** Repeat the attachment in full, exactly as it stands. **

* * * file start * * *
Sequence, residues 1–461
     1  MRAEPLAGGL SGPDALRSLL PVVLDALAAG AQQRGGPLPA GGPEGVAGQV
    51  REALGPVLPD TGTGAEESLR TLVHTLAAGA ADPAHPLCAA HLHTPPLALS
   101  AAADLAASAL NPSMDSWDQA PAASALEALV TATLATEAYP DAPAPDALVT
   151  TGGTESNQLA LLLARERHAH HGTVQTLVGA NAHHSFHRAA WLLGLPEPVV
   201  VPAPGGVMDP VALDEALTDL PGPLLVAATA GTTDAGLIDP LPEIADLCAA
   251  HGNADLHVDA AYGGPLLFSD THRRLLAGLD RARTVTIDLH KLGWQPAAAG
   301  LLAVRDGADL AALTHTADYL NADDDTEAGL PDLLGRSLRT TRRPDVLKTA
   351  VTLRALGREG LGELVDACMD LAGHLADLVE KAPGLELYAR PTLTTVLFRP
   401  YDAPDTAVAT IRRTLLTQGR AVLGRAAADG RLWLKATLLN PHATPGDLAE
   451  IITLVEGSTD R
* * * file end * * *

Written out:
Sequence, residues 1–461
     1  MRAEPLAGGL SGPDALRSLL PVVLDALAAG AQQRGGPLPA GGPEGVAGQV
    51  REALGPVLPD TGTGAEESLR TLVHTLAAGA ADPAHPLCAA HLHTPPLALS
   101  AAADLAASAL NPSMDSWDQA PAASALEALV TATLATEAYP DAPAPDALVT
   151  TGGTESNQLA LLLARERHAH HGTVQTLVGA NAHHSFHRAA WLLGLPEPVV
   201  VPAPGGVMDP VALDEALTDL PGPLLVAATA GTTDAGLIDP LPEIADLCAA
   251  HGNADLHVDA AYGGPLLFSD THRRLLAGLD RARTVTIDLH KLGWQPAAAG
   301  LLAVRDGADL AALTHTADYL NADDDTEAGL PDLLGRSLRT TRRPDVLKTA
   351  VTLRALGREG LGELVDACMD LAGHLADLVE KAPGLELYAR PTLTTVLFRP
   401  YDAPDTAVAT IRRTLLTQGR AVLGRAAADG RLWLKATLLN PHATPGDLAE
   451  IITLVEGSTD R